JUST THE FACTS
In 2011 the U.S Supreme Court Ruled Vaccines are "Unavoidably Unsafe." JUST THE FACTS examines this ruling and provides a highlighted summary.
"NCVIA" The National Childhood Vaccine Injury Act of 1986
On Nov 14, 1986 President Reagan signed the NCVIA act establishing a Federal No-Fault system, that eliminates manufacturer liability for vaccines unavoidable, adverse reactions. The act was meant to compensate vaccine-injured children while stabilizing the vaccine market. It also made nearly every aspect of vaccine safety the exclusive responsibility of the Department of Health & Human Services (HHS)
HISTORY of Bruesewitz vs. Wyeth LLC.
Hannah Bruesewitz was born on October 20, 1991. Her pediatrician administered doses of the DTP vaccine and within 24 hours Hannah started to experience seizures. She suffered over 100 seizures during the next month, and her doctors eventually diagnosed her with “residual seizure disorder” and “developmental delay.” They sued the vaccine manufacturer and lost because of the NCVIA act of 1986
KEY POINTS of Bruesewitz vs. Wyeth LLC
1. In the present state of human knowledge some products (especially drugs) are quit incapable of being made safe
2. As the 1986 Report explains, Congress intended that "unavoidably unsafe products” apply to the vaccines covered in the bill.
3: The FDA has never even spelled out in regulations the criteria it uses to decide whether a vaccine is safe and effective for its intended use.
4. The FDA’s silence on design defects existed long before the Vaccine Act was enacted.
5. Neither the Act nor any other provision of federal law places a legal duty on vaccine manufacturers to improve the design of their vaccines to account for scientific and technological advances. Indeed, the FDA does not condition approval of a vaccine on it being the most optimally designed among reasonably available alternatives, nor does it (or any other federal entity) ensure that licensed vaccines keep pace with technological and scientific advances.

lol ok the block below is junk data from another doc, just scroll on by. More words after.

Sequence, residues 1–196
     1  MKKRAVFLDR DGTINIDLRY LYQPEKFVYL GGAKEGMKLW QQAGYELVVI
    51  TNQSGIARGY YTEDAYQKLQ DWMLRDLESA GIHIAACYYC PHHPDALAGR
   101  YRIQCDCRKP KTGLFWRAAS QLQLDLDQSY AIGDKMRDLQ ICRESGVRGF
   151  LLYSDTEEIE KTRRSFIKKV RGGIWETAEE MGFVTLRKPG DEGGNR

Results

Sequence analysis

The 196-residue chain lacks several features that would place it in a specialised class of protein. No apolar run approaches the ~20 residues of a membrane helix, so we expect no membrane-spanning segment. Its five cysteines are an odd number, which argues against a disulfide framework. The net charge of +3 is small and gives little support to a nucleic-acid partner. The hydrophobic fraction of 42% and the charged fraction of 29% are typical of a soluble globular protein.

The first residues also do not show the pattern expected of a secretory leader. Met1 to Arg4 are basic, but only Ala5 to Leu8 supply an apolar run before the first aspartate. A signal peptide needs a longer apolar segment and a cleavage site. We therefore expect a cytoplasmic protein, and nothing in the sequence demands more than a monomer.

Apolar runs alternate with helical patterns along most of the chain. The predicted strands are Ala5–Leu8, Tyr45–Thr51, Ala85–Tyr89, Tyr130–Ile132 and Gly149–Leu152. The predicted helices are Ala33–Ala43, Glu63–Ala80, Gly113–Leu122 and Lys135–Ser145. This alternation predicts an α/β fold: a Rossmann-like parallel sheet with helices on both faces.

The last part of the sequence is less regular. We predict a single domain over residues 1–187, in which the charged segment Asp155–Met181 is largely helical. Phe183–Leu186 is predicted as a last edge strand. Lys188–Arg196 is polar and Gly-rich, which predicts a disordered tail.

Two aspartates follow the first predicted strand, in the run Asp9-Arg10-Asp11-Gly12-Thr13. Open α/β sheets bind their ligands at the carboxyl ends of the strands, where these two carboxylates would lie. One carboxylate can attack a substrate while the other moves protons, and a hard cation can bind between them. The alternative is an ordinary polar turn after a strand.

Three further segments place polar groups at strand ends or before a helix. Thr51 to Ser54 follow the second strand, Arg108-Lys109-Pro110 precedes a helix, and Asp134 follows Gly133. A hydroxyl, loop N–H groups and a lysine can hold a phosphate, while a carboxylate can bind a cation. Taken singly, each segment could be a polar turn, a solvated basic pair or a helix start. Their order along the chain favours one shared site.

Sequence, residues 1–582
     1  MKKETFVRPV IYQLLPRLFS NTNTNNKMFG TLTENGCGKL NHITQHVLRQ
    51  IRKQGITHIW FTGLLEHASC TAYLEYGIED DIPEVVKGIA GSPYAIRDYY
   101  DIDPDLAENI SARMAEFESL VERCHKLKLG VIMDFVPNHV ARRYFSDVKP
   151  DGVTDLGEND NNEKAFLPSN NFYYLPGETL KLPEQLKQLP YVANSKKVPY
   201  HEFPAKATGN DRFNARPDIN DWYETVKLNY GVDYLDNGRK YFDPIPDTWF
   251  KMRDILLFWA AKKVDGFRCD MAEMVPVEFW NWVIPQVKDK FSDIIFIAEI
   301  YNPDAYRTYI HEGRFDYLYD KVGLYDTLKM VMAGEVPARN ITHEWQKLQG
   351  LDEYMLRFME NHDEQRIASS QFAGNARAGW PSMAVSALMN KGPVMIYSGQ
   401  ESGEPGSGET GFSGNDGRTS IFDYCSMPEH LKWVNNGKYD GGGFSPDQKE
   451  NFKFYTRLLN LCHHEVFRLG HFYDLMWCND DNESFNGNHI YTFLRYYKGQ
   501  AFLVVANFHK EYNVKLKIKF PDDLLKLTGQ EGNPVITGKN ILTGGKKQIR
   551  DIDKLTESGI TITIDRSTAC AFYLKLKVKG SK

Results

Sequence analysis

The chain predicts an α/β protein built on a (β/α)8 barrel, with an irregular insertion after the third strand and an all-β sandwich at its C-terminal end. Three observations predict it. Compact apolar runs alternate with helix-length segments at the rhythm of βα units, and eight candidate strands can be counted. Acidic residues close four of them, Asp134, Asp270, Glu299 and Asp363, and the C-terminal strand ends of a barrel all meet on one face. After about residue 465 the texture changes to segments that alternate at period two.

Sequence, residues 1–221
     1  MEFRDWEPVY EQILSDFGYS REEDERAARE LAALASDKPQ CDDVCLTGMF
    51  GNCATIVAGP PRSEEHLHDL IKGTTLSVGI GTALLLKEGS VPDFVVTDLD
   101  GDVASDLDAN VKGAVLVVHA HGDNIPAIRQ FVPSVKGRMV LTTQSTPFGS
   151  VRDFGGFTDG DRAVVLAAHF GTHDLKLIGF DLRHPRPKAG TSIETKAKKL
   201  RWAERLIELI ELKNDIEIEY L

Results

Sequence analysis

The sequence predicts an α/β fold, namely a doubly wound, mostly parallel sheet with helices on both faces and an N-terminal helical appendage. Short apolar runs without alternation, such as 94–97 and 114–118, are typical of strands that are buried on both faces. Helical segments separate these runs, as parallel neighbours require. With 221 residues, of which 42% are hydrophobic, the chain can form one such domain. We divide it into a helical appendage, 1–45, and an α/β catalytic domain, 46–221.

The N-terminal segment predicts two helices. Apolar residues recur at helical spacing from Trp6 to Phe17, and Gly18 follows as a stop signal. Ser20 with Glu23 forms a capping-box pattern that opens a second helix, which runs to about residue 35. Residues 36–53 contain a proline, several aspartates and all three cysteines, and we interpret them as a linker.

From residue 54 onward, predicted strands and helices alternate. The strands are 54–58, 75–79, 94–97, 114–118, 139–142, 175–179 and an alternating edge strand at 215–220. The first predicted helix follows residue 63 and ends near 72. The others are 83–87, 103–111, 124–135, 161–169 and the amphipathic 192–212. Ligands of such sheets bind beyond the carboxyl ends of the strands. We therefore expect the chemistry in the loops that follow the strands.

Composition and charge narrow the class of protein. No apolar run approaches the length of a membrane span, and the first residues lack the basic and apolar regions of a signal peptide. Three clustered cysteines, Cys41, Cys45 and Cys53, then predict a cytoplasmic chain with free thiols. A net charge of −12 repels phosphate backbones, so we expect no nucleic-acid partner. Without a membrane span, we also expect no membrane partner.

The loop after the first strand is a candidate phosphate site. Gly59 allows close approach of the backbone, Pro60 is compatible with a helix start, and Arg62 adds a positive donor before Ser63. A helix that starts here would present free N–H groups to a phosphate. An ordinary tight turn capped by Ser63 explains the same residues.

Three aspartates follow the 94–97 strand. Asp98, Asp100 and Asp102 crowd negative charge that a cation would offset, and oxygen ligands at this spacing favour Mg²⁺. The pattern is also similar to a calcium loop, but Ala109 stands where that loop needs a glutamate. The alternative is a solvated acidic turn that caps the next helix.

6. The regulation does not authorize the FDA to revoke a biologics license for a manufacturer’s failure to adopt an optimal vaccine design in light of existing science and technology * Neither the United States nor any of the parties, however, has represented that CDC examines whether a safer alternative vaccine could have been designed given practical and scientific limits
7. The normal competitive forces that spur innovation and improvements to existing product lines in other markets thus operate with less force in the vaccine market, particularly for vaccines that have already been released and marketed to the public. * The FDA is perpetually understaffed and underfunded, and the agency has been criticized in the past for its slow response in failing to withdraw or warn about potentially dangerous products.
8. In enacting the Vaccine Act, Congress established a "carefully wrought federal scheme" that balances vaccine-injured persons and vaccine manufacturers.
9. Congress relieved vaccine manufacturers of the burden of compensating victims of vaccine-related injuries in the vast majority of cases - an extremely significant economic benefit that “functionally creates a valuable insurance policy for vaccine-related injuries.”
10. Respondent notes that there are some 5,000 petitions alleging a causal link between certain vaccines and autism spectrum disorders that are currently pending in an omnibus proceeding in the Court of Federal Claims (Vaccine Court). According to respondent, a ruling that does not pre-empt design defect claims could unleash a “crushing wave” of tort litigation that would bankrupt vaccine manufacturers and deplete vaccine supply.
11. As an initial matter, the special masters in the autism cases have thus far uniformly rejected the alleged causal link between vaccines and autism. To be sure, those rulings do not necessarily mean that no such causal link exists * A petitioner to whom the Vaccine Court gives nothing may see no point in trying to overcome tort law’s yet more serious obstacles to recovery
12. Neither the FDA nor any other federal agency, nor state and federal juries—ensures that vaccine manufacturers adequately take account of scientific and technological advancements. This concern is especially acute with respect to vaccines that have already been released and marketed to the public. Manufacturers, given the lack of robust competition in the vaccine market, will often have little or no incentive to improve the designs of vaccines that are already generating significant profit margins.